The community met us there at the meeting hall right at 8 so we were able to get started ahead of schedule. Again, this is UNHEARD OF across Panama in general, especially in my region. So epic win. We started by breaking into small groups to outline the jobs of a president, secretary, treasurer, technician, and vocale. Based on the characteristics and responsibilities of each office, we then elected a new health committee since the previous one was choosing to resign. The outgoing Health Committee VP/treasurer spoke about some of the challenges of the pilot phase and his recommendations for the future groups. In the end we elected a new committee that even has TWO women on it! (My host mom is one of them :) )

After the new committee was elected we discussed how the next families will be chosen. We are only going to continu…

The Epic Health Seminar, Act II

At 6:30AM the PCVs in (and under) my hut started moving, a little slower than the day before. We made what I think was a metric ton of eggs and at 8AM headed out to start ringing the bell. Everyone was assembled and ready to go by 8:15. Well, the participants were. The PCVs were banking on them taking a little longer to round themselves up!

By 8:45 we were ready and started off by teaching them Simon Says. They LOVED Simon Says and we played it 3 more times before the end of the seminar. The plan for Thursday was to go through the 4 main health lessons of the seminar but didn't want them cooped up in a meeting hall the whole time. We divided them into groups of 4. I sent one group with Danielle to a woman's house to discuss Casa Limpia. Ben took a group down to the river to discuss Clean Water (for drinking, the various ways to treat and filter it and for goodness sake WHY IT IS SO IMPORTANT), Chris took a group to the existing Composting Latrine in the community (the only fin…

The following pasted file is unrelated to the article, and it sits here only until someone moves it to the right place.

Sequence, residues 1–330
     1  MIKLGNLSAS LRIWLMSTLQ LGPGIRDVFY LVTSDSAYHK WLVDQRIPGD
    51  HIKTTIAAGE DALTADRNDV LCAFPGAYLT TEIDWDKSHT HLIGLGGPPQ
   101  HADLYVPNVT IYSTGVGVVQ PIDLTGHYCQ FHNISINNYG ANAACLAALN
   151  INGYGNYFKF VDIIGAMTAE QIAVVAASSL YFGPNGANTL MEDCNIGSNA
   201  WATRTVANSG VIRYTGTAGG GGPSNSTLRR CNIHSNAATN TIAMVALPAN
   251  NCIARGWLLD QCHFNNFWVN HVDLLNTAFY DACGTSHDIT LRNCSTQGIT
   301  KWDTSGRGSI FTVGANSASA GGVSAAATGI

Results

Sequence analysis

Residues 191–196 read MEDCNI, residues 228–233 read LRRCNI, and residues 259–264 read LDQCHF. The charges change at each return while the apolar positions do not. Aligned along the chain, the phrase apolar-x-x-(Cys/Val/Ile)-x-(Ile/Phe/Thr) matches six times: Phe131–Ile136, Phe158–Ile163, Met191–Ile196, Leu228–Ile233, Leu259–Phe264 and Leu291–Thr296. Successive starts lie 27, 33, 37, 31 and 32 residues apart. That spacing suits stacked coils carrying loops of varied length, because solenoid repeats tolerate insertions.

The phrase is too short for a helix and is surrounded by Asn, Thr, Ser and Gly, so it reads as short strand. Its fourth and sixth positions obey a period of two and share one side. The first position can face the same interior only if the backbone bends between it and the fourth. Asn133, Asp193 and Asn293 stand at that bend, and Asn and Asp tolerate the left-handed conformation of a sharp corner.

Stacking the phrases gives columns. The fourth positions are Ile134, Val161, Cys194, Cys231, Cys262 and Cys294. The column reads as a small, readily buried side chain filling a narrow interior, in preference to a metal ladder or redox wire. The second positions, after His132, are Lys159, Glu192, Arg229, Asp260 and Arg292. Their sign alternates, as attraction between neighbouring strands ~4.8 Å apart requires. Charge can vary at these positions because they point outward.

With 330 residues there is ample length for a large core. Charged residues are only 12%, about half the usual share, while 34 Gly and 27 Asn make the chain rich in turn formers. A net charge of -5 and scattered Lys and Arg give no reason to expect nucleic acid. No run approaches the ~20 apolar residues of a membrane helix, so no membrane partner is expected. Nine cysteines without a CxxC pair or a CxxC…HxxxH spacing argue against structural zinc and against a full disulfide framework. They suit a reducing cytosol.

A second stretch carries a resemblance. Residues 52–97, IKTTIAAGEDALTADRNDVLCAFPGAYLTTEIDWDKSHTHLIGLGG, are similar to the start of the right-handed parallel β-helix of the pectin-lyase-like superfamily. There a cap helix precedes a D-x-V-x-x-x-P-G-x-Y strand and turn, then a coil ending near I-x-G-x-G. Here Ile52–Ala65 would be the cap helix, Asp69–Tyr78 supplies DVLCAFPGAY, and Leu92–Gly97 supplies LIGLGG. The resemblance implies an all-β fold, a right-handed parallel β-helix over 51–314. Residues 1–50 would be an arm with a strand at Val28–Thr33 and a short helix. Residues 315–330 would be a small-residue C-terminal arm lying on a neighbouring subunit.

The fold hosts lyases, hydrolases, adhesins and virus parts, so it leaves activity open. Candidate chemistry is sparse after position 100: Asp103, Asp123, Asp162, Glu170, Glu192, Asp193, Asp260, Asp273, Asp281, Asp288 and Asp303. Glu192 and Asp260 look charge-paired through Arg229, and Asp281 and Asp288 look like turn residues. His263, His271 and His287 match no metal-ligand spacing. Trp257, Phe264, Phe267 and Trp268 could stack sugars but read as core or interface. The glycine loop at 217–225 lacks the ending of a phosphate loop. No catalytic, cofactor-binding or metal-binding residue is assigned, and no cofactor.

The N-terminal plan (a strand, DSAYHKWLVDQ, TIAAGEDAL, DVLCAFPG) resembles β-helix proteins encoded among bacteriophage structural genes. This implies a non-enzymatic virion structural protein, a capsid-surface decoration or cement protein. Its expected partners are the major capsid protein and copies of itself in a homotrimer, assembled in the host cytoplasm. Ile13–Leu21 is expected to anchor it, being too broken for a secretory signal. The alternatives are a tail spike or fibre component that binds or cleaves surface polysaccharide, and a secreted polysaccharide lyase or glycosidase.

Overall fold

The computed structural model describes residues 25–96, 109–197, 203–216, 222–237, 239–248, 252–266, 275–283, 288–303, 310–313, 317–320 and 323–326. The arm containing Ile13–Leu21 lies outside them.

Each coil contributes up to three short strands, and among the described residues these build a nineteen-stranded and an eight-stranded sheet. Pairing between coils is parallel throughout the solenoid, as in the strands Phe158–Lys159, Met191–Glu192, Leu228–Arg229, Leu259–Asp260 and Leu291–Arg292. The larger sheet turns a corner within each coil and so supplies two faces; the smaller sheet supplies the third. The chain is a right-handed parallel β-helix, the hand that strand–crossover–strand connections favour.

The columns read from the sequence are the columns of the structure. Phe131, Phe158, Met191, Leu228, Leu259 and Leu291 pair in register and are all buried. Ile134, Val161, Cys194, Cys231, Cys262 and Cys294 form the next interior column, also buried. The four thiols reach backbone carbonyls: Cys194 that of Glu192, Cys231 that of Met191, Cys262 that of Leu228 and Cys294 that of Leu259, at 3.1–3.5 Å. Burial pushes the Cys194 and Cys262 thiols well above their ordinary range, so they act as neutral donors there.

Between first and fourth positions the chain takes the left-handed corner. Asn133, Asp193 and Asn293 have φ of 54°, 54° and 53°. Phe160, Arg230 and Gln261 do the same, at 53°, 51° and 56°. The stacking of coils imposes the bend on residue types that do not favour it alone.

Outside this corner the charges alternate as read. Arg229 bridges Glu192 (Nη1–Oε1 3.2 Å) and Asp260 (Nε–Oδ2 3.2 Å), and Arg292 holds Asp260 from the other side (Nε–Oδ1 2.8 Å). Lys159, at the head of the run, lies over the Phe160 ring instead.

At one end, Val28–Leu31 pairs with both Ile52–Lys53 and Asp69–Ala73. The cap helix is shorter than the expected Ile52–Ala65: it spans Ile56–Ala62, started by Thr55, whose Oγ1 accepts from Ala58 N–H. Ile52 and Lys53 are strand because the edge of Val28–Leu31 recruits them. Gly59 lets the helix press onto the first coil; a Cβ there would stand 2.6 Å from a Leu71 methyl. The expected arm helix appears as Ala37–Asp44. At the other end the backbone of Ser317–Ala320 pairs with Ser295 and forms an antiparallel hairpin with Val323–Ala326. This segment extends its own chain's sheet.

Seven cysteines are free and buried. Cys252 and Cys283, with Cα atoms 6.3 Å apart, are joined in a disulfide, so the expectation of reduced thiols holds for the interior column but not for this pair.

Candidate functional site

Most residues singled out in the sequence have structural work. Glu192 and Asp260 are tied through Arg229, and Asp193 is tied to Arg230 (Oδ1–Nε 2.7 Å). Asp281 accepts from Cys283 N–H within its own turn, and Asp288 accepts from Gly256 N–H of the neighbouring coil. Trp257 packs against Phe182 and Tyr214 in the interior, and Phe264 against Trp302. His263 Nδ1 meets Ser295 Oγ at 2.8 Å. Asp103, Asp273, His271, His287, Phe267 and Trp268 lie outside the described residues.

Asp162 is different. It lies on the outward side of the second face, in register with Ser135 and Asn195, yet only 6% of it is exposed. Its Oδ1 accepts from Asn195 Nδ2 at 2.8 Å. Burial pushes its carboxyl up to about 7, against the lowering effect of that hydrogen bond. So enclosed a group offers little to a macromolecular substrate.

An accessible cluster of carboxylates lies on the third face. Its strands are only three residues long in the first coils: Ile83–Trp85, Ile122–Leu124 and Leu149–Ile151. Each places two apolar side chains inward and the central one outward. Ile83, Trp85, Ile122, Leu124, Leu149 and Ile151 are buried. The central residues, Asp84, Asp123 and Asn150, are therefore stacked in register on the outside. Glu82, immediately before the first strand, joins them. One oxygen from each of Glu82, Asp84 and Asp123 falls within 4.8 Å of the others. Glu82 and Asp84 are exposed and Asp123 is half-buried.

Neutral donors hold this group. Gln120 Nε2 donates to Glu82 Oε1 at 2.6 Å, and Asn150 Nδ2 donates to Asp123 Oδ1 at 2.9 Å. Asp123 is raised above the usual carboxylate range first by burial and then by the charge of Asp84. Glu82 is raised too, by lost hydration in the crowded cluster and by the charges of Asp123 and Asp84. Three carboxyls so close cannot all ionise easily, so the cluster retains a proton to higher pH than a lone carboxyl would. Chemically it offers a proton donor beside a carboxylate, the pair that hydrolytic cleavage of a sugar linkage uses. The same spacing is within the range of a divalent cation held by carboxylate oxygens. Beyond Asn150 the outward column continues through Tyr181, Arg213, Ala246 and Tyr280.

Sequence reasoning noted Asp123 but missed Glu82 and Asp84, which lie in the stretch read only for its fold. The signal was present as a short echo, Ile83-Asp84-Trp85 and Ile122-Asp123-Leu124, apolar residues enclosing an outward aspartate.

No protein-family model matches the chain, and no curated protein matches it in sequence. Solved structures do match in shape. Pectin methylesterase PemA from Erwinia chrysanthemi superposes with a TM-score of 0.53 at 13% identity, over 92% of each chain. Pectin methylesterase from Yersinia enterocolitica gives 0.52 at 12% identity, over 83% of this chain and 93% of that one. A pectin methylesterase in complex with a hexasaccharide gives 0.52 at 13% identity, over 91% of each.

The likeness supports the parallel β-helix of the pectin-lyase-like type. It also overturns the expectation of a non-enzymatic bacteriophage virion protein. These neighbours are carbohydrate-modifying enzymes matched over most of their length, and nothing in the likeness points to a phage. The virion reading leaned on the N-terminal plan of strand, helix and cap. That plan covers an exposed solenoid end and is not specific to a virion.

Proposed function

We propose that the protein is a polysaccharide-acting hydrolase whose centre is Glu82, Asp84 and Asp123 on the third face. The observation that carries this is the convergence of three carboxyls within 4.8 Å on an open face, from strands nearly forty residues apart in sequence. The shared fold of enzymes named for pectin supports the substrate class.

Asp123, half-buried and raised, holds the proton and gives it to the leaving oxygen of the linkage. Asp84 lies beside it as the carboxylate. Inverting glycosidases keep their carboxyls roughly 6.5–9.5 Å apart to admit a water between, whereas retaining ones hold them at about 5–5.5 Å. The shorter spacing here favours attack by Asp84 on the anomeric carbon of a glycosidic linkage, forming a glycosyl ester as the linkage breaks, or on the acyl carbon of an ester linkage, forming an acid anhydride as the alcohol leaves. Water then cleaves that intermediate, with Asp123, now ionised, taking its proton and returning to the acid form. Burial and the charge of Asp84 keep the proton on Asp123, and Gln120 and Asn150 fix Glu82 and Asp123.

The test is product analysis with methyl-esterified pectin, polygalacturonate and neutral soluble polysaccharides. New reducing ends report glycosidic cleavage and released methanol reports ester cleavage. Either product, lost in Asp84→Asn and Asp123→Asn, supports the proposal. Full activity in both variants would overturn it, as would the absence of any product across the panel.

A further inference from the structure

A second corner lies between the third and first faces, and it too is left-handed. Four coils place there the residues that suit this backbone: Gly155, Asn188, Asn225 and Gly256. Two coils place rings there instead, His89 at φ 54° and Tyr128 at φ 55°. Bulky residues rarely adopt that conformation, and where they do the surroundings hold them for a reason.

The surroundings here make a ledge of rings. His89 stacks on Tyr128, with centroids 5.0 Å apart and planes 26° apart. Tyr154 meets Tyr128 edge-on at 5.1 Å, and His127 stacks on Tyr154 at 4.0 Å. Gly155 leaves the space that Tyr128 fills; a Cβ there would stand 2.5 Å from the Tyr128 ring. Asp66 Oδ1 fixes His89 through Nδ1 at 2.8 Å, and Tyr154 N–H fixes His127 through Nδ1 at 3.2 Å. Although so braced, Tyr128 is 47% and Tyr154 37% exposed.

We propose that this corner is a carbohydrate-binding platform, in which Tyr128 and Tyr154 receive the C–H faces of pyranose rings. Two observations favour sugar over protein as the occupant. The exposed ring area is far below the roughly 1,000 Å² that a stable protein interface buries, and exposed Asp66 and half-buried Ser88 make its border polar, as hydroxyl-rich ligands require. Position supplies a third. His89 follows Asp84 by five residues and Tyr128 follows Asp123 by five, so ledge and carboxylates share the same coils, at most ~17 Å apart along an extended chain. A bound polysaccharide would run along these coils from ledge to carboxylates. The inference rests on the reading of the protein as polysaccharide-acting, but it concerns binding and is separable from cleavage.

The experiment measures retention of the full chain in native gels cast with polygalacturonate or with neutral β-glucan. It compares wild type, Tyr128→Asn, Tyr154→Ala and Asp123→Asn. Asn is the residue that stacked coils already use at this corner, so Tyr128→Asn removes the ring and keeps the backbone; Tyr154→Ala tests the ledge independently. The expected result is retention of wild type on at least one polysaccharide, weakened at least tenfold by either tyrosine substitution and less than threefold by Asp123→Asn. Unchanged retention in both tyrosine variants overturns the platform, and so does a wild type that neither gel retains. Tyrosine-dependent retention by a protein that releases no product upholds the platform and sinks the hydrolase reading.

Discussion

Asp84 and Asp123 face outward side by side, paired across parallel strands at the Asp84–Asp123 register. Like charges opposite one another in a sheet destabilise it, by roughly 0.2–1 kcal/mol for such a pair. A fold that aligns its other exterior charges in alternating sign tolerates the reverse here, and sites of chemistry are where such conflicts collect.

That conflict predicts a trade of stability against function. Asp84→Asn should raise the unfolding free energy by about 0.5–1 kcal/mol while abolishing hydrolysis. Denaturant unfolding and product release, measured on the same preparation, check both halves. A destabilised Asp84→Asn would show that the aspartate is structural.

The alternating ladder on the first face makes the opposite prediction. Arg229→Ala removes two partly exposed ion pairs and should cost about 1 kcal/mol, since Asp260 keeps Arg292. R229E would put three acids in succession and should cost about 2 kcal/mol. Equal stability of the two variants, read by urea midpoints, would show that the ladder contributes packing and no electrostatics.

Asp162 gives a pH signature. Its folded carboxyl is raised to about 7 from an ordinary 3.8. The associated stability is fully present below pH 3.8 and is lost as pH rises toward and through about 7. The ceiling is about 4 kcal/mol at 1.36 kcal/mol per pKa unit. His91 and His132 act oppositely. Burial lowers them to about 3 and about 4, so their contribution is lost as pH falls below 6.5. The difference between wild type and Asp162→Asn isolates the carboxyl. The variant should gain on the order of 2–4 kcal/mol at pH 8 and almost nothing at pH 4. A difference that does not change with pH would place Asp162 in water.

The Epic Health Seminar, Act I

My superhero team of PCVs arrived on Tuesday March 5th to prep for the seminar. We made mosquito masks, finished posters, shelled some peas, and cooked a yummy dinner.

Day 1 of the seminar we rolled out of bed at 6AM for coffee and oatmeal before we started trying to rally the troops to attend the seminar. To hold a meeting in my community, one needs to hit a metal hubcap hanging on a string of the meeting house with a piece of rebar. The whole town can hear and eventually starts meeting. If you want to start a meeting at 8, you need to start ringing the bell at 7, and then you will probably start shortly before 9. Miraculously, people were seated and ready to go with nametags by 8:30, early by Embera standards!

I started off the seminar with a conversation about the health information I learned from the survey, and by trying to put what those numbers mean into a context they understand. To illustrate just how many 97 illnesses was in one month, I dumped 97 beans into a pot. I then du…

A Quick Note

I haven't forgotten your existence, oh dedicated followers. I know that I owe you some stories and updates of the last several weeks. It is going to be a few weeks, because life is busy, busy, busy. Yet at the same time that is a very good thing because it means things are in motion and life is happening. Life is always better when it is happening!

Thanks so much for the over 5,000 page views to this blog and I hope that you are enjoying your part in this adventure as well.

Stories coming soon. Keep being awesome until then.

Peace, love, and gaff tape.